Rambert — Draw from Within (Wim Vandekeybus)


Sadler’s Wells, stage review:

The UK’s oldest established dance company returns to Sadler’s Well staging a live digital show that was streamed in 2020, Drawn from Within. On a close summer night, we are thrown into many worlds, some dreams others nightmarish, but like the variation in the pieces, there is also a variation in quality.

Wim Vandekeybus, acclaimed director, choreographer, and founder of experimental dance company Ultima Vez creates stylised chaos in a series of unconnected worlds. Like mini bubble universes in a sci-fi they bleed into one another yet change so quickly it is a rather jolty ride for the audience. The classic experimental element expected from Rambert is present along with some moments of slick visual storytelling.

When the pieces work they soar. Vandekeybus’s gift for physical storytelling and Rambert’s exceptional dancers create a perfect sense of wild and frantic movement, framed by creative use of space. Constantly reinventing the stage is the name of the game. The beginning section where dancers hold aloft burning joss-sticks, then blow them out, contorting in the lines of smoke in an almost religious, and sublimely beautiful image. Despite being unafraid of silence the jazzy and rocky soundtrack allows for a constant change of tone and the thrashing urgency felt throughout. The Romanian jazz singer Anca Parghel’s surreal song Doina Olt is haunting and typifies the ancient yet expressive sense of the piece as a whole. This is ballet at its most feral.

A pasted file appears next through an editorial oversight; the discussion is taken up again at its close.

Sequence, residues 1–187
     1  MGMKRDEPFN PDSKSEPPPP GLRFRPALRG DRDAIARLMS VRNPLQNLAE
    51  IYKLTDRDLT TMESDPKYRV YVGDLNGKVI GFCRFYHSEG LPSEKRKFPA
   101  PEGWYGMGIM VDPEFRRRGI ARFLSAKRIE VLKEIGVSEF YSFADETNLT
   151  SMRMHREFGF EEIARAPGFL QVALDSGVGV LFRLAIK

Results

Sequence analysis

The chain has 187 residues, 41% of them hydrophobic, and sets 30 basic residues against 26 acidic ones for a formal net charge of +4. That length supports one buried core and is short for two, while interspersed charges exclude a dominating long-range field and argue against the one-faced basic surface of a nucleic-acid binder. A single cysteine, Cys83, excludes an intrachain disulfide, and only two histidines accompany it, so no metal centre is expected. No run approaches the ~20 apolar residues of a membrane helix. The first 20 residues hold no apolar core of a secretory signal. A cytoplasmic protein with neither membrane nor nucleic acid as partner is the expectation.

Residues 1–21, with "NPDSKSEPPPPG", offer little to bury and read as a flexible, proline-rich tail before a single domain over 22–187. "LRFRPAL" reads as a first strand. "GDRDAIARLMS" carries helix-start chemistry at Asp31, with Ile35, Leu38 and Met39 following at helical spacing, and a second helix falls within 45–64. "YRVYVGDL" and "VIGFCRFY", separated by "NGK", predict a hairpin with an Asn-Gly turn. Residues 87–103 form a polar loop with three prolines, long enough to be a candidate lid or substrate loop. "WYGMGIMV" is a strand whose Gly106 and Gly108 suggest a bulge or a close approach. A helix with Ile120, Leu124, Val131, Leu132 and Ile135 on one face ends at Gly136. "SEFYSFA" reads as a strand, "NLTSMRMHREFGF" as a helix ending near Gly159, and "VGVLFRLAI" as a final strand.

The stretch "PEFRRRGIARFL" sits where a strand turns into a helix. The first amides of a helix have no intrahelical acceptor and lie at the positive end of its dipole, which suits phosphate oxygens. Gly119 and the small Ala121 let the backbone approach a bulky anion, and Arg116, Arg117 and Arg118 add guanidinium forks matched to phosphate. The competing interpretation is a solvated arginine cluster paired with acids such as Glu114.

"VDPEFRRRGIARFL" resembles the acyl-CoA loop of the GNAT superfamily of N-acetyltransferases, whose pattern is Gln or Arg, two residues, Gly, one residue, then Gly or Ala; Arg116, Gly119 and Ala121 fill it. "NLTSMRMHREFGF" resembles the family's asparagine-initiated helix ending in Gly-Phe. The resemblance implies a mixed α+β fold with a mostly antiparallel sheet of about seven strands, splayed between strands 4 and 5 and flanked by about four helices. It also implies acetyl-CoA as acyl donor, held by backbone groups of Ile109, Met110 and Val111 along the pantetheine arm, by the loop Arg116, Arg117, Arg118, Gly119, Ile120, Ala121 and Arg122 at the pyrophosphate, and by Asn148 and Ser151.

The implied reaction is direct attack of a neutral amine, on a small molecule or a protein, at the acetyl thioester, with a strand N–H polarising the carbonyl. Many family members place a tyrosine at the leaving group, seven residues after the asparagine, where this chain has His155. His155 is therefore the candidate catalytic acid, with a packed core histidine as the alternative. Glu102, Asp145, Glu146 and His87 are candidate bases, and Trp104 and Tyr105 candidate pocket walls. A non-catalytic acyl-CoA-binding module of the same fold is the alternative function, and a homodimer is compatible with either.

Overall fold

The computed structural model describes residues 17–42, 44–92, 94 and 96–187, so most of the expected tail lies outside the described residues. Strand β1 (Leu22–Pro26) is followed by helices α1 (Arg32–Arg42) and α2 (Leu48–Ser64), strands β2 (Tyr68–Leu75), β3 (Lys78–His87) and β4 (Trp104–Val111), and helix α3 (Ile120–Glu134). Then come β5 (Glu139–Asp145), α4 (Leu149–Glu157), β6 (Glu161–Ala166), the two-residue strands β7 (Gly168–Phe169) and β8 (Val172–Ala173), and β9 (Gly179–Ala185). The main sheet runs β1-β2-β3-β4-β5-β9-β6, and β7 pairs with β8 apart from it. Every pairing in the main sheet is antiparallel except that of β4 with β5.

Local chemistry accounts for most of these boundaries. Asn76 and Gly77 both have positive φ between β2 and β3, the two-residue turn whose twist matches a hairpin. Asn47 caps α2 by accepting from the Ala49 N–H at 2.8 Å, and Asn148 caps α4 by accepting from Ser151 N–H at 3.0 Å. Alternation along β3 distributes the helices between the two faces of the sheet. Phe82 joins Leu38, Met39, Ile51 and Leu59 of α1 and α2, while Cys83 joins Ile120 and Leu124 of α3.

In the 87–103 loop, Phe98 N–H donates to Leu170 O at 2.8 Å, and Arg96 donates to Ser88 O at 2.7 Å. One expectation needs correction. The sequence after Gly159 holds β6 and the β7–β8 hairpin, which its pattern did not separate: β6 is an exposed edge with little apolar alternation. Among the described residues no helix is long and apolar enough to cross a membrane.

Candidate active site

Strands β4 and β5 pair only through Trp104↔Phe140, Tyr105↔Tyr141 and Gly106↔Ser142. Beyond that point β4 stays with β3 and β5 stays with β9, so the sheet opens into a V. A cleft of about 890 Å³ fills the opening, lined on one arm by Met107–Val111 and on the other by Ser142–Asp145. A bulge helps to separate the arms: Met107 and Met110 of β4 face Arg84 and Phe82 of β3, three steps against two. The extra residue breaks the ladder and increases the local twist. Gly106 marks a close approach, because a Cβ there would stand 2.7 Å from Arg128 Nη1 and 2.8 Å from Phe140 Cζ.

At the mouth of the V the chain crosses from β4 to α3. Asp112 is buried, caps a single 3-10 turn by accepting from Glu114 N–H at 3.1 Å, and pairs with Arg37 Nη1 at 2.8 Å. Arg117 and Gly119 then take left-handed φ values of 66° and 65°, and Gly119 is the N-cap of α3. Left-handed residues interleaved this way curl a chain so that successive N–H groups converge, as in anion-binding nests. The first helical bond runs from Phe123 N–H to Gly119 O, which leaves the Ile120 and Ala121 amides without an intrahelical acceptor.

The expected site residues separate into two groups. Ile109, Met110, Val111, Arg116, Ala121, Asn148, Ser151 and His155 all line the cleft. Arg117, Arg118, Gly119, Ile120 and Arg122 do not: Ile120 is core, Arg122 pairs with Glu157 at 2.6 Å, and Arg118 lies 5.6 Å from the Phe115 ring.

Poetry by Ted Hughes and various use of spoken word in a range of languages works to break up the movement. Tricks, like long wire ropes being pulled by performers, gliding black set pieces, and even swinging metal racks, ensure the audience is never allowed to relax into simple group work with nice lighting. The piece grabs you by the throat and holds you there, short of breath as a nightmare is replaced by a sweet but always slightly ominous scene. This is not ballet for the faint-hearted or asthmatic (and certainly not for a particularly terrified looking child a few rows in front of me)

Bad parenting aside, like any piece of collected vignettes some didn’t quite land. Like with post-modernist theatre when it falls flat it ends up feeling like weird-for-weirdness-sake. Regrettablyy the least effective sections were at the end. Asking performers to adlib as reporters over a very surreal tribalistic birthing sequence was an example of this. These are gifted dancers, but not such talented improvisational comedians. Again a hospital sequence is more like a ballet version of American Horror story than a complex danced exploration of institutional cruelty. With such a strong start the surrealism and sensuality so beautifully crafted crumbles to a rather forced attempt to shock. Considering the 1 hour 10 minutes running time the piece could easily be trimmed and firmed up a little.

Nevertheless, through Isabelle Lhoas’s beautiful constantly shifting costumes and the companies unwavering athletic ability we are dazzled by a circus of experience and colour. Vandekeybus never for once allows the performers (or audience) a second off, and beads of sweat like pearls fly from their tight bodies as they buckle like animated rag dolls. It is the framing of these frantic movements that could do with a little more focus if the piece is expected to fully live up to its company’s prestigious pedigree.